Monday 24 October 2016

Dearbhail McDonald: 'Mystery client' could be unmasked yet with O'Brien and Red Flag facing long road ahead

Published 22/12/2015 | 02:30

Denis O'Brien. Photo: Bloomberg
Denis O'Brien. Photo: Bloomberg

If the litigation between businessman Denis O'Brien and Dublin PR firm Red Flag were a movie, it would have more twists and turns than a bag of pretzels.

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Yesterday, Red Flag (company motto: 'Make the First Move') secured a not-insignificant win when the High Court ruled that it doesn't have (for now, at any rate) to reveal the mystery client for whom a dossier of material was compiled.

The dossier contained some 80 documents about Mr O'Brien that the businessman claims are defamatory and evidence of a conspiracy to damage him. The Digicel founder received the dossier on an anonymous USB memory stick in an envelope at his Dublin office on October 8 last.

Within days, and following an expert analysis of the USB memory stick by Espion, a Dublin-based IT firm, Mr O'Brien went to the High Court seeking orders to freeze and seize Red Flag's computers and records, including those belonging to its chairman Gavin O'Reilly. Mr O'Reilly is the former CEO of Independent Newspapers (publishers of the Irish Independent) where Mr O'Brien is currently the single largest shareholder.

Mr O'Brien failed to secure an Anton Piller order, in effect a civil search warrant. But he did secure powerful court orders to inspect and create forensic images of certain devices held by various Red Flag executives and staff.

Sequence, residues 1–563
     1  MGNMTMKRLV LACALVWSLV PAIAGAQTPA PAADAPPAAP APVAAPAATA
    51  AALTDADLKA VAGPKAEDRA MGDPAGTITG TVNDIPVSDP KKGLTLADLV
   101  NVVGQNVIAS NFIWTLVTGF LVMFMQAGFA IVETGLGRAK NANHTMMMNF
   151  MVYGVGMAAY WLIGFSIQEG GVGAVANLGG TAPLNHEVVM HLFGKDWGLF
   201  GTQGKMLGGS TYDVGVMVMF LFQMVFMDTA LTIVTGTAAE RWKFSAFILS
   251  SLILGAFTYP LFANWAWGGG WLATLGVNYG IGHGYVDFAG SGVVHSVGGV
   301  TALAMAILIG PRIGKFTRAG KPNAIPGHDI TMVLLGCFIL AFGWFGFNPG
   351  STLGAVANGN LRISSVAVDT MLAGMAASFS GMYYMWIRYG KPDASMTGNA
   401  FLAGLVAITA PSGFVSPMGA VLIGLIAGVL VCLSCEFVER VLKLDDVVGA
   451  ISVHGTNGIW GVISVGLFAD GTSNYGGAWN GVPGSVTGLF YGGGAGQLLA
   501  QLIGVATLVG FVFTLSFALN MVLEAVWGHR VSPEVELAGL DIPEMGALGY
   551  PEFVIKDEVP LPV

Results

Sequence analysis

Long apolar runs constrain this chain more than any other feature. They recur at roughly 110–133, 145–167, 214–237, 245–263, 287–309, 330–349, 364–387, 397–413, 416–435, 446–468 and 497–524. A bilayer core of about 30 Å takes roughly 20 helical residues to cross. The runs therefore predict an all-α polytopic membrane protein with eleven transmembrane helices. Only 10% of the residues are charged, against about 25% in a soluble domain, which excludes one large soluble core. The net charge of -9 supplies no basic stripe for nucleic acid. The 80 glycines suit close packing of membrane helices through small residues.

Red Flag subsequently confirmed that it did indeed have a client. But it refused to reveal the client's identity - stating that it had a duty of confidentiality which would be irreversibly damaged if exposed.

This prompted Mr O'Brien to seek further court orders to unmask the mysterious party. The application was unusual as it was brought at the interlocutory or very early stage of the proceedings, but is by no means unprecedented.

Irish judges do have discretion, in appropriate cases, to compel identities of John and Jane Does where there are suspected concurrent wrongdoers. So it's possible to compel identities, even early on.

The task of assessing where the balance lay - Mr O'Brien's desire to unmask the identity of the alleged (mysterious) wrongdoer versus Red Flag's duty of confidentiality - fell to High Court judge Mr Justice Colm Mac Eochaidh.

Judge Mac Eochaidh and Mr O'Brien's paths had in fact crossed two years ago when Mr O'Brien took a legal action against 'The Sunday Times' in which Mr O'Brien argued that irreversible harm would be caused to him if certain financial details were published.

Mr O'Brien succeeded, then, in securing a temporary injunction against 'The Sunday Times'. But it was a similar assertion of irreversible harm (as alleged by Red Flag) that helped shape Judge Mac Eochaidh's refusal of Mr O'Brien's identity disclosure request.

Yesterday, minutes before Judge Mac Eochaidh's ruling, Red Flag's counsel Michael Collins SC introduced a new twist. This was when the lawyer alerted the court to details of a forensic IT report commissioned by Red Flag. The report by international investigators Stroz Freidberg raised concerns that the anonymous memory stick had been modified - after Judge Mac Eochaidh made an order for the device to be secured.

Judge Mac Eochaidh said the latest IT report (which may or may not be significant) would not affect his decision and proceeded to rule that the law required Mr O'Brien to establish a very high degree of wrongdoing on the part of the person he wanted to identify and was obliged to show he will suffer irreversible harm unless Red Flag disclosed the name of its client. The bar was set high: Mr O'Brien would have to have a very strong case, "almost to the point of certainty", that wrongdoing had been committed against him. Judge Mac Eochaidh said that Mr O'Brien had not proved that the dossier had been published, a necessary element for defamation.

The judge also ruled Mr O'Brien hadn't proved that harm had been done to him and hadn't proved that the motivation of the mystery client was to do harm to him.

But there is a long road to travel for both sides and Mr O'Brien may ultimately win the right to unmask the mystery party, thus ensuring more twists and turns as this fascinating case proceeds.

Irish Independent

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